It started with Amazon and eBay, but in today’s increasingly interactive online marketplace, the ‘star-rating and review’ paradigm is becoming ubiquitous. It may seem a relatively new phenomenon, but in terms of reputation marketing it is the manifestation of a human trait that seems hard-wired into our psyche: the need to feel safe by following the herd.
And the more people get used to reading reviews and counting stars, the more they will come to expect to see customer feedback and ratings. A Neilsen survey, conducted in 2012, backed this up, revealing that 70 per cent of respondents were happy to trust the evaluation of complete strangers, an increase of 15 per cent in four years.
Apart from the herd mentality (or need for ‘social proof’, as the theory terms it), there are other, more pragmatic reasons why star-ratings are so powerful. With time often at a premium, and access to a global marketplace readily available at the click of a button, shoppers need to efficiently narrow down their options. A star-rating system, particularly when combined with the ability to order data in a table, enables potential buyers to quickly whittle down their choices to a select few. In this way, a company with glowing buyer reviews could still fall foul of the visual prominence of the star-rating system if they have a more modest score than their competitors.
Looking at Star Rating Systems
But how sensitive are businesses to variations in their star-rating? Is a five-star score that much more likely to attract customers than a four-star rating? Does a half-star difference have an impact?
That question attracted the interest of Harvard University and the University of California, Berkeley, and, according to these institutions, the difference is significant, with restaurant bookings particularly volatile. In fact, the difference in one star was found to equate to a five to seven per cent difference in revenue. Even a half-star advantage was found to increase the chances of a restaurant filling its evening tables by up to 49 per cent.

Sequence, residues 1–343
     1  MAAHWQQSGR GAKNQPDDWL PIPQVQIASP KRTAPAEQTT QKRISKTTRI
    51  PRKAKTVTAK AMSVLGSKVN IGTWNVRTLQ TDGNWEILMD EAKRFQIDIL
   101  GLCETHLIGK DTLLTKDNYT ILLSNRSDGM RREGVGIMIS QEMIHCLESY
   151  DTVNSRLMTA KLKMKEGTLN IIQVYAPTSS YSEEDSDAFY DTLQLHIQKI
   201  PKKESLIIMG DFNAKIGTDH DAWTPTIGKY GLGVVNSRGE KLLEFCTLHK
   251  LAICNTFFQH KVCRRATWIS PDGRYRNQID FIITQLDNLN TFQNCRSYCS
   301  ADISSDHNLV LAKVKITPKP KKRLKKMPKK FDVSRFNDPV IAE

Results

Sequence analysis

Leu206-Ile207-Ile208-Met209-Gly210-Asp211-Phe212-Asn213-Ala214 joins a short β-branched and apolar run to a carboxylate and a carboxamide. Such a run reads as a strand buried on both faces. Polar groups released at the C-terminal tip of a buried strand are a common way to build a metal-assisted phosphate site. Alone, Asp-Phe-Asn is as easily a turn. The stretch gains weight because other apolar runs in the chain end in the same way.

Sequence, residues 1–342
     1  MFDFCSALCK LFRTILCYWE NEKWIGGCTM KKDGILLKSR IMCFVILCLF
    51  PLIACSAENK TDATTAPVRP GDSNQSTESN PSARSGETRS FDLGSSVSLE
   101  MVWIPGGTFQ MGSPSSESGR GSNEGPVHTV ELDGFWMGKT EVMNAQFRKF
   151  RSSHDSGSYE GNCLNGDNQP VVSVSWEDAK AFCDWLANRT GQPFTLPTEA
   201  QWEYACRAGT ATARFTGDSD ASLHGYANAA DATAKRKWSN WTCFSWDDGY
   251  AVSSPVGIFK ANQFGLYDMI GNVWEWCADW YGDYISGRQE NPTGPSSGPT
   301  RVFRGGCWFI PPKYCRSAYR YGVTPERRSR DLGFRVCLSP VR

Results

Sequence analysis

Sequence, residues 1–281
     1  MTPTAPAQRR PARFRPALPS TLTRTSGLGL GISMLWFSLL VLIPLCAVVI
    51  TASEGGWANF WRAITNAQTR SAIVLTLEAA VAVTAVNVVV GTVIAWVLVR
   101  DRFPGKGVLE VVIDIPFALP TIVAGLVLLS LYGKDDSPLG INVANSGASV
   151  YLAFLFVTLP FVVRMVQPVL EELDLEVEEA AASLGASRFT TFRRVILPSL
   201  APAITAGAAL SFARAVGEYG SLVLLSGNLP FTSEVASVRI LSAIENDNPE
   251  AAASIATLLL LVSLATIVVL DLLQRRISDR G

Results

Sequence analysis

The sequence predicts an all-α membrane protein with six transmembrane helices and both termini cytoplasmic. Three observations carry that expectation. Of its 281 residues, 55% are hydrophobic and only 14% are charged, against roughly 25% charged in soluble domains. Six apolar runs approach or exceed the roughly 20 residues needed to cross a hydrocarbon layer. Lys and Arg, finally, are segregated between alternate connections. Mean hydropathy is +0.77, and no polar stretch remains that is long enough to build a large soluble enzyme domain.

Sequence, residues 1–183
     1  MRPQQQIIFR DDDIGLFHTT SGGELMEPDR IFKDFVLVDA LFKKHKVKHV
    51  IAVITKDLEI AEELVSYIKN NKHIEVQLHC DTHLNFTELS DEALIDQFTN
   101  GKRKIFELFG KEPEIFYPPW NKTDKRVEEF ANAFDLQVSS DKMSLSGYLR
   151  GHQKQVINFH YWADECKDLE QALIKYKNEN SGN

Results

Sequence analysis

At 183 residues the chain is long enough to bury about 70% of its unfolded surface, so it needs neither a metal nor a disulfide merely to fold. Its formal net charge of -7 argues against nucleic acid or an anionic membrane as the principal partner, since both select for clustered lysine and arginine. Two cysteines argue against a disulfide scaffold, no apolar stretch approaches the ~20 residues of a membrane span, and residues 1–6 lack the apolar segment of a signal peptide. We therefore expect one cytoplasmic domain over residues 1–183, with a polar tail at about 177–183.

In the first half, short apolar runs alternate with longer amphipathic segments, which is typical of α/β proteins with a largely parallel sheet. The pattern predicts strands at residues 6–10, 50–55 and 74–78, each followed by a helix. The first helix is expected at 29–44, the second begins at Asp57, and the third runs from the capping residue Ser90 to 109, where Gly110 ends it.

Rank and Review Paradigm
The harnessing of this ‘rank and review’ paradigm to social media platforms has added a new dimension to the field of reputation marketing, with Douglas Adams’ quote about bad news travelling faster than light becoming even more relevant today than when he first uttered it. Few will forget how quickly the news of HMV’s mass sacking spread across the Internet once the company’s social media planner decided to go public on Twitter.
And with sites like Google Plus, Facebook, LinkedIn and Foursquare now facilitating and encourage reviews, feedback and recommendations, it is increasingly challenging for brands to stay in control of their own reputation.
It is clearly prudent for every business to micro-manage its online reputation marketing, to both limit the damage of negative publicity and unleash the power of positive feedback. Not paying due attention to this aspect could undo much of the good work undertaken in other brand marketing aspects such as Search Engine Optimisation, Pay-Per-Click Advertising and offline promotion.
Keep an eye out for part 2 in our Reputation Management series, as we look further into consumer ranking and reputations.